Reply to  John Endicott
November 28, 2018 12:11 pm


Javert Chip
Reply to  Paul Penrose
November 28, 2018 8:02 pm

That’s not what the trial judge did. She further documented her erroneous opinion, but capitulated on the issue of a stay for appeal. Upon receiving the writ, she quite literally had no choice in the matter (US district court judges cannot issue writs of mandamus).

If she defied the writ of mandamus, the US Supreme Court has the authority to quickly reprimanded and/or suspended her from hearing cases. Only congress can impeach a judge.

November 28, 2018 6:56 am

The key issue is the remedy. Suppose that the court agrees that people have a constitutional right to action on global warming by way of reducing or eliminating GHG emissions.

Now what is the court going to order, that will have any effect on the global GHGs that are alleged to be the cause of the harm?

We are back once again at the point that the activists in the UK and US are always seeking to lower US and UK emissions, as if that would make a dent in the total global emissions which on their theory are threatening civilization. And yet, simple arithmetic shows that even were the US and UK to stop emitting totally, this would not lower emissions enough, on the theory, to make any material difference.

The court would have to order China, India and Indonesia to stop emitting. Maybe Russia also.

So even if the suit were to prevail in law, it would founder on the fact that the court has no effective jurisdiction on the main sources of the harm, and so no power to remedy it.

It is a bit like the children of Tuvalu suing their government to get an order to stop sea levels rising, and thus preserve their constitutional right to dry land, by somehow limiting emissions. Obviously the court has no power to order anything that will lower global emissions, and neither does any US court.

If they are really serious about this, get out there in front of the Chinese Embassy with a whole lot of placards. That’s who is doing the emitting these days.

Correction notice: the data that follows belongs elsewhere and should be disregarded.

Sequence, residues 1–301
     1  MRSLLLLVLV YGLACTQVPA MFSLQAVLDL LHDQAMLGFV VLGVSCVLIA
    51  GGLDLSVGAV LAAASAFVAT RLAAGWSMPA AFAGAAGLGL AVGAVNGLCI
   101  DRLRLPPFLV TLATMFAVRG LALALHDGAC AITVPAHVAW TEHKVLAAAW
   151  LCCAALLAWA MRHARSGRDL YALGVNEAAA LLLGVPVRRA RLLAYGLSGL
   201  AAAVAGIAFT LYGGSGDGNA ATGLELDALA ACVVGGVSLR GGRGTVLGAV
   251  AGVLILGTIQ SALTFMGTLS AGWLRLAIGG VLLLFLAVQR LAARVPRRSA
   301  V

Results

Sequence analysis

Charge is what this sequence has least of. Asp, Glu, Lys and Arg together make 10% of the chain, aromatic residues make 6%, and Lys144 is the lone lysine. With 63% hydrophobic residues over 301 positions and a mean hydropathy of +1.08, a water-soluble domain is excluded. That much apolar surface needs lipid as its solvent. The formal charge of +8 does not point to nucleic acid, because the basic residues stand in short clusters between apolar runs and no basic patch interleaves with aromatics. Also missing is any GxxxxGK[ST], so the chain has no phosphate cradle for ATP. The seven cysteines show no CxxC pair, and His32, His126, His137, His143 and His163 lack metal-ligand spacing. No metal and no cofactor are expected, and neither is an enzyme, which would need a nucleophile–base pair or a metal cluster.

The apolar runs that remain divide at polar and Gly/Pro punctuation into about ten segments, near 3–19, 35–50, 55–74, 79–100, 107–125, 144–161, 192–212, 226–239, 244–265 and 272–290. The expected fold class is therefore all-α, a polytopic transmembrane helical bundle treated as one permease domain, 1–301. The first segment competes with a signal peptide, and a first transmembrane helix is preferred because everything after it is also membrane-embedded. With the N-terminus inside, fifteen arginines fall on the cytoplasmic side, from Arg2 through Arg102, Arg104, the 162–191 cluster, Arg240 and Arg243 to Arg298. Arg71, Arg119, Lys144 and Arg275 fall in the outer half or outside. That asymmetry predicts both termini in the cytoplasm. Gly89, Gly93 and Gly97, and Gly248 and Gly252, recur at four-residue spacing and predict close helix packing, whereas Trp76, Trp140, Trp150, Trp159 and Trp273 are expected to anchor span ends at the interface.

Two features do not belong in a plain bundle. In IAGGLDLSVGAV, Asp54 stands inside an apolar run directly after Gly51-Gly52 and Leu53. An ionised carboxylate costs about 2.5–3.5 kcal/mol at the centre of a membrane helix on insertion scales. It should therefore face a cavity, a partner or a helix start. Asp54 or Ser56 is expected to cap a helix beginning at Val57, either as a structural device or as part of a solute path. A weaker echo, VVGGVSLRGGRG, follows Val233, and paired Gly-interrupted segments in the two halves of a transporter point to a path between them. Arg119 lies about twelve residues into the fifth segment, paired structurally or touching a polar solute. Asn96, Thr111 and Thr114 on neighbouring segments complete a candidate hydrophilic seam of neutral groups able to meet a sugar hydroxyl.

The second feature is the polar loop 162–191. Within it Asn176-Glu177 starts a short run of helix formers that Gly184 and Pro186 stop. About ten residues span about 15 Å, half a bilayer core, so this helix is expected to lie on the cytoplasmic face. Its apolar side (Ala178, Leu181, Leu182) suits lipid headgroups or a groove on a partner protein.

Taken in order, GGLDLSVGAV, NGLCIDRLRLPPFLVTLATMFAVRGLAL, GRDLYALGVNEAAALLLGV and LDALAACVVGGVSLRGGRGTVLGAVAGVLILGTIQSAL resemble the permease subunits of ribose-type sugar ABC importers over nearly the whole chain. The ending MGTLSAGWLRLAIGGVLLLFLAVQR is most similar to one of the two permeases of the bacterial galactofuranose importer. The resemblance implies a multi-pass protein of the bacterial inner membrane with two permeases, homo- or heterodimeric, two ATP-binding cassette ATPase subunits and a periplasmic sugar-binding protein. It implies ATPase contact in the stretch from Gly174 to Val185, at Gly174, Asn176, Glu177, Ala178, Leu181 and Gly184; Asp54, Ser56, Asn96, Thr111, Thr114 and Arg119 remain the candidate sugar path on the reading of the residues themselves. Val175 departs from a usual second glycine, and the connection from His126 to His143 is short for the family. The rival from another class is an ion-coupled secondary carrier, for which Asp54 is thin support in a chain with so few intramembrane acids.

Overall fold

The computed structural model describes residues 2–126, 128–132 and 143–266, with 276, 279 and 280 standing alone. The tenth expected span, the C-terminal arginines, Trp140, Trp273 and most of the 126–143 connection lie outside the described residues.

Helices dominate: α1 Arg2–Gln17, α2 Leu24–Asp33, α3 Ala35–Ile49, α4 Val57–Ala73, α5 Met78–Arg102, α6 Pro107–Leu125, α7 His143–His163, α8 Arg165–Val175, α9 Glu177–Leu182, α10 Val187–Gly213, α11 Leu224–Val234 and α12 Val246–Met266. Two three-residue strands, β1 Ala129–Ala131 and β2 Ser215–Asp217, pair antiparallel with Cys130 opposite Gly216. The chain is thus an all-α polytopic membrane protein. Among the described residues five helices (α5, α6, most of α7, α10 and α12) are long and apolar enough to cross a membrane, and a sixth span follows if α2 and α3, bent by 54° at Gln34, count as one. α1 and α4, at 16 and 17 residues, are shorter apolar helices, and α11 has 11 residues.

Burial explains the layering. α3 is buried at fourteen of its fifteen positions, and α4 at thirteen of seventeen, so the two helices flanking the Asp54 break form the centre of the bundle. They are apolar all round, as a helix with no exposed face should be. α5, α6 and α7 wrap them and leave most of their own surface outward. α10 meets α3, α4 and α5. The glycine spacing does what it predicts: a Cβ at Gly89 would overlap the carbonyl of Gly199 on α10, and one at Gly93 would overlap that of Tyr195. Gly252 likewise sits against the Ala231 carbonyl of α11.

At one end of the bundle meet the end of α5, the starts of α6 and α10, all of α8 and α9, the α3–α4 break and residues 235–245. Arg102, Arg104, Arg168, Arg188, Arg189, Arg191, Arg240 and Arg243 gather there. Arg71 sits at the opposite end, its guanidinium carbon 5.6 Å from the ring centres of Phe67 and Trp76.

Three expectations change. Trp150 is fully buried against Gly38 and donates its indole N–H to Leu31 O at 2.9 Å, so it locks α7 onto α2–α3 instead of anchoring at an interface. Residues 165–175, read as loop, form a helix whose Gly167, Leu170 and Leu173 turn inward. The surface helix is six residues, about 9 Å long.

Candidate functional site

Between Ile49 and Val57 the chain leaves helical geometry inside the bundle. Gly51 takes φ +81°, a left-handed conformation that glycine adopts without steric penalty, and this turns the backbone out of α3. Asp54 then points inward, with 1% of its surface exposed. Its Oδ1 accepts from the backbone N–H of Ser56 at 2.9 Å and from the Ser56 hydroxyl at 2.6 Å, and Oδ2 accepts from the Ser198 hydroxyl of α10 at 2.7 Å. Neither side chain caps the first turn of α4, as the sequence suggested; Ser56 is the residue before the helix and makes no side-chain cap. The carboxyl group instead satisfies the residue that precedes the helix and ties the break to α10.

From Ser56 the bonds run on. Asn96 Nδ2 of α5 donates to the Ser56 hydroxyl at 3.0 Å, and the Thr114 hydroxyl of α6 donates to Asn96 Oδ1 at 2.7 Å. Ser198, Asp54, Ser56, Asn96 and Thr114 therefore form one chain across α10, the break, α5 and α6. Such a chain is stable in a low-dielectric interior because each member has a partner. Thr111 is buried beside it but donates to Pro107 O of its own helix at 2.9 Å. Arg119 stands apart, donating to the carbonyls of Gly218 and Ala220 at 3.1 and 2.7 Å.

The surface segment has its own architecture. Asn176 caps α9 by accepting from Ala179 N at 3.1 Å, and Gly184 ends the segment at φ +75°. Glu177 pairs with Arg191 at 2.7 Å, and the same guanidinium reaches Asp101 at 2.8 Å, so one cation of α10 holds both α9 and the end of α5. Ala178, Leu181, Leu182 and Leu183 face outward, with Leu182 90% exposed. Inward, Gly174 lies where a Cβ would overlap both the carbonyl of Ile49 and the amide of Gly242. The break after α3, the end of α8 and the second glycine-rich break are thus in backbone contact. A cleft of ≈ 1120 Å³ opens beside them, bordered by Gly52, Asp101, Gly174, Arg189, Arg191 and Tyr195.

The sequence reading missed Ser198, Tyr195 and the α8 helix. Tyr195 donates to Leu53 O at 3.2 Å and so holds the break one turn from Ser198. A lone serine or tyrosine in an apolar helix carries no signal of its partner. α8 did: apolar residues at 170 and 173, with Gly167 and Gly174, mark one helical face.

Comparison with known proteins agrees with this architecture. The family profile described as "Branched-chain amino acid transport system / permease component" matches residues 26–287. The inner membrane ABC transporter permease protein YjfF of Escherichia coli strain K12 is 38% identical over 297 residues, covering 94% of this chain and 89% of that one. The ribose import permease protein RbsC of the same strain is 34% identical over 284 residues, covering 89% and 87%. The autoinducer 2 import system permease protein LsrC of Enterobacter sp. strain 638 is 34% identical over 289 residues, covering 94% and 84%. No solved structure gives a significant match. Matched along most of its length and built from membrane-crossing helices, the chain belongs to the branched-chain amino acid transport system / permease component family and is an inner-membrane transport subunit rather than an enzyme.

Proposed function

Reply to  michel
November 28, 2018 9:23 am

John Kerry once indicated that the US could stop ALL CO2 emissions but this would not offset the emissions from the rest of the world. Introduce that testimony to the court!

November 28, 2018 7:10 am

From the second paragraph of the second block quote.

would undermine the indepe1idence of the district judge

A scanning artifact perhaps?

November 28, 2018 7:17 am

Perhaps, the kids could sue Obama …

Obama: “Suddenly America is the largest oil producer, that was me people … say thank you.”

Thomas Homer
Reply to  Neo
November 28, 2018 8:37 am

If I judge what he says, am I judging the content of his character?

Does that mean MLK’s dream has come to fruition?

John Endicott
Reply to  Neo
November 28, 2018 8:55 am

Actually Obama, that was inspite of you, not because of you. You didn’t build that.

Tom Abbott
Reply to  John Endicott
November 28, 2018 4:30 pm

The booming US oil and gas economy is definitely “in spite” of Obama, not because of him. Obama has no shame.

Obama also said he had not been indicted and noone in his administration had been indicted. I say: Not yet, Barack. Give it a little time. Your not being idicted as of now does not count because your people were in charge of indictments.

Let’s see what happens after this Mueller witch hunt is over. Trump will be free to unleash the DOJ on a bunch of unfinished business.

We don’t like it when politicians try to subvert our form of government like you and your minions did and are doing. People need to be held to account for this treason.

Reply to  Neo
November 28, 2018 9:33 am

That increase was almost entirely from private lands, as the Obama adminstration all but stopped new development on public lands.
It was also due to frakking, which the Obama administration fought tooth and nail.

Obama also claimed that if you like your doctor you can keep your doctor.

phil drolet
November 28, 2018 7:18 am

We have one of these from Quebec in Canada now.

November 28, 2018 7:25 am

Actually, the judiciary woke up only when Judge Aiken scheduled a 50-day trial for testimony from all and sundry. The prospect of turning a courtroom into a ten-week alarmist COP gave the higher justices pause. After all that grandstanding, amplified by unquestioning journalistic believers, how would any higher court put the toothpaste back in the tube? Hence, the realization better to bite the bullet now, than to cope with scorched earth afterward.

My post on this case and the tortuous process:

Walter Sobchak
November 28, 2018 7:37 am

Adler is a law prof, and he is not a bad guy, but he lacks a certain amount of practical experience. I shall repeat what I wrote about this case on Friday: